Despair and cynicism about our ability as a community to do anything about poverty and economic inequality has become popular, and it’s sadly become a major refrain of the anti-government Tea Party crowd.
A sense of fatigue
Even among the philanthropic community one hears a sense of fatigue and a feeling that nothing seems to be working, apart from a few isolated and charismatic leaders typified by Geoffrey Canada in the recent movie “Waiting for Superman.”
The fact is that millions of urban kids and students of color are doing better, despite the colossal market failures in 2008 and 2009 that have put additional stress on their parents and most middle-income and lower-income families.
Released this month, a comprehensive study dubbed “Building a Grad Nation,” by the group America’s Promise Alliance, reports real progress finally is being made in arresting the “high school dropout epidemic” that began damaging America’s economy in the early 1980s.
Overall graduation rates in the United States rose three full percentage points from 2002 to 2008, according the study, while the number of high schools classified as “dropout factories” has declined sharply.
‘Some progress’ in Minnesota
Tennessee and New York achieved the biggest turnaround in high school graduation; Minnesota, in part because our graduation rate already was one of the highest, was cited among about a third of states that had made “some progress.”
Minnesota’s graduation rate improved from 83.9 percent to 86.4 percent over that period, or by 2.5 percentage points, which was better than the national average of 2.3 percent.
President George W. Bush’s No Child Left Behind initiative, widely criticized by both liberals and conservatives, at least has had the effect of focusing energy and attention on this national security interest and establishing once and for all that the federal government has responsibility for educational outcomes.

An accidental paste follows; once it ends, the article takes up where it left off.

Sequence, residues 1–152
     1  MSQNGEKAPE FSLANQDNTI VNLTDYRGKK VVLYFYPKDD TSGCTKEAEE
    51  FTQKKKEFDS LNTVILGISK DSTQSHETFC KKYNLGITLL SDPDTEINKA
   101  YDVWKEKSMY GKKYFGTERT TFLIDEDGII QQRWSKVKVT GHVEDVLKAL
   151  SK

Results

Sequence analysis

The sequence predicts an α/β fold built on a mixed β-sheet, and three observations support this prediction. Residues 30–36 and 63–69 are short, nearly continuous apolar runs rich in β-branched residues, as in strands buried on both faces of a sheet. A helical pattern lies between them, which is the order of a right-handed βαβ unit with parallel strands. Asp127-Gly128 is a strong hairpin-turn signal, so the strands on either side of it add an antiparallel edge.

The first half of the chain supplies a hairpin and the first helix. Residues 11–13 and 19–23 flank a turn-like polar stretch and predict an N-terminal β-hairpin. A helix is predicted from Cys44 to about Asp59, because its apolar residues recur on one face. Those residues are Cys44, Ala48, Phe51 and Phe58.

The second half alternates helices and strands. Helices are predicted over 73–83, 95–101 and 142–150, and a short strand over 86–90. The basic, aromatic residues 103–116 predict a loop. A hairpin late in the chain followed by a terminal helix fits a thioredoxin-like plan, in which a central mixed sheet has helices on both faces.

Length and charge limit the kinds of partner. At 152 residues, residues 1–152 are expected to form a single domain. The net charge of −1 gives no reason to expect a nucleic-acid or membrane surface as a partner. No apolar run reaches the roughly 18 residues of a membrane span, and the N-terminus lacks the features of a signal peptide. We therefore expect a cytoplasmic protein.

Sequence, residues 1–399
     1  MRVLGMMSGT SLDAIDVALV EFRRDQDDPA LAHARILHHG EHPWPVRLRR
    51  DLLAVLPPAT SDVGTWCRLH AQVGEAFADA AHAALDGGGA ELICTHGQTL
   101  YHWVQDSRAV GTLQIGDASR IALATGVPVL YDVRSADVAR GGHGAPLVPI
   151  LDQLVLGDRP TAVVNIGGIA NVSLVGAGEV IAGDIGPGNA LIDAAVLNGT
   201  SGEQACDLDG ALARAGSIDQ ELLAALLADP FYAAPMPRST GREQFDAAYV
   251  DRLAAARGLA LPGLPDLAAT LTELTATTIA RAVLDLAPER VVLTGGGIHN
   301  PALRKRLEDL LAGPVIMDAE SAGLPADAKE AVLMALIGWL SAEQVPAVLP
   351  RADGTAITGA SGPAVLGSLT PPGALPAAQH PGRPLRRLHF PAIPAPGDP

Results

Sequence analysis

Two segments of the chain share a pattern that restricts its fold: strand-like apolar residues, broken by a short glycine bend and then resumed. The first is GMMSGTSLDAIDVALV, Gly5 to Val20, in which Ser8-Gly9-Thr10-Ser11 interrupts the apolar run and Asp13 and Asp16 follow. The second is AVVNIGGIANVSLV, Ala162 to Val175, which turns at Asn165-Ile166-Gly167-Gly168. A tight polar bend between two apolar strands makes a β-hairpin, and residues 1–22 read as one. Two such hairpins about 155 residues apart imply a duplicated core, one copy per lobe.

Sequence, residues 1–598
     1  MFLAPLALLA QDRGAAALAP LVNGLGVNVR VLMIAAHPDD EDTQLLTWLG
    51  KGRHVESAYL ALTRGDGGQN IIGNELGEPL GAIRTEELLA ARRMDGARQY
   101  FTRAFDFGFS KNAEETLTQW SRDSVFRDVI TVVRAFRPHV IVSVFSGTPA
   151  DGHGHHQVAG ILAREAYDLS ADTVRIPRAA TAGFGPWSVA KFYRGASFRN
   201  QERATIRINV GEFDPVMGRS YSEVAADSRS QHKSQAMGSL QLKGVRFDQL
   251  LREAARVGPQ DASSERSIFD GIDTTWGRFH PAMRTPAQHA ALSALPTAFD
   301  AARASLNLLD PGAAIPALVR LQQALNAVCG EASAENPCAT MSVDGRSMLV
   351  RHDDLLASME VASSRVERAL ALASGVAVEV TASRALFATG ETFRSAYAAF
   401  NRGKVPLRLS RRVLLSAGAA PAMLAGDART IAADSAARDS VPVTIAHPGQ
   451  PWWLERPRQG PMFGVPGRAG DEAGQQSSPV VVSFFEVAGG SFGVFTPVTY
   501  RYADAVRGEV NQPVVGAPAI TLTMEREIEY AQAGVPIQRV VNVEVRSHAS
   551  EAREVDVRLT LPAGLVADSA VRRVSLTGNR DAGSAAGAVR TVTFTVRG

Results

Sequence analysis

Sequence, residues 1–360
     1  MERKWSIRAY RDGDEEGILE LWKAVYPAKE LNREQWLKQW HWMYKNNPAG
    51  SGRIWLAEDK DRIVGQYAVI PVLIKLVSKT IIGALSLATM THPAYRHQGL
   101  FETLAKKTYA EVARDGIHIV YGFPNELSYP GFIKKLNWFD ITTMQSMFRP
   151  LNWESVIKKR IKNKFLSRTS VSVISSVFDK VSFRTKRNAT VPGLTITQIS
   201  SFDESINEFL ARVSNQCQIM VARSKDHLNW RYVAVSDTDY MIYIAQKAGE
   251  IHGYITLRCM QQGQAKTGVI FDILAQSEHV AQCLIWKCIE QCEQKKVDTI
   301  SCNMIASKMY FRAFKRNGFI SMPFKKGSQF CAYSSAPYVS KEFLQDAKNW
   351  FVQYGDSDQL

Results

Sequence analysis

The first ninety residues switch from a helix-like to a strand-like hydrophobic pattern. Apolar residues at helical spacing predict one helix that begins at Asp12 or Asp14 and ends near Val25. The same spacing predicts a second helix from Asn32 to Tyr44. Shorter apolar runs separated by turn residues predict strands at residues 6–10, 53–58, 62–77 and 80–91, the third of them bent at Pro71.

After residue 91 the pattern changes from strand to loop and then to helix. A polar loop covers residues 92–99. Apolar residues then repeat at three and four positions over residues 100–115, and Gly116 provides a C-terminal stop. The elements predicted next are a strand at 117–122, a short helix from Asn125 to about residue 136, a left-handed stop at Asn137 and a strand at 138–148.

President Barack Obama’s Race to the Top proposal, also faulted by both left and right, may have the same impact of capturing attention and imagination and moving the nation toward his goal of regaining our international status as the most highly educated nation.
Both of the dominant political parties in the U.S. and Minnesota should claim as a top priority improving education and closing the racial achievement gap, because both are closely linked with economic growth and justice.
In fact, Harvard University economist Edward L. Glaeser, not considered an ideological or partisan voice, suggested in a recent New York Times column that Republicans would improve their chances of regaining the presidency “if they align their party as closely with education as it once was with military strength.”
Glaeser concludes that “the Republican Party can position itself as the party of national rebirth, but only if it champions both economic freedom and education — the two critical ingredients of successful entrepreneurial economies.”
Dane Smith is the president of Growth & Justice, a progressive public policy organization that promotes statewide economic growth for Minnesota through smarter public investments in human capital and infrastructure. A version of this column originally appeared in the St. Paul Legal Ledger Capitol Report.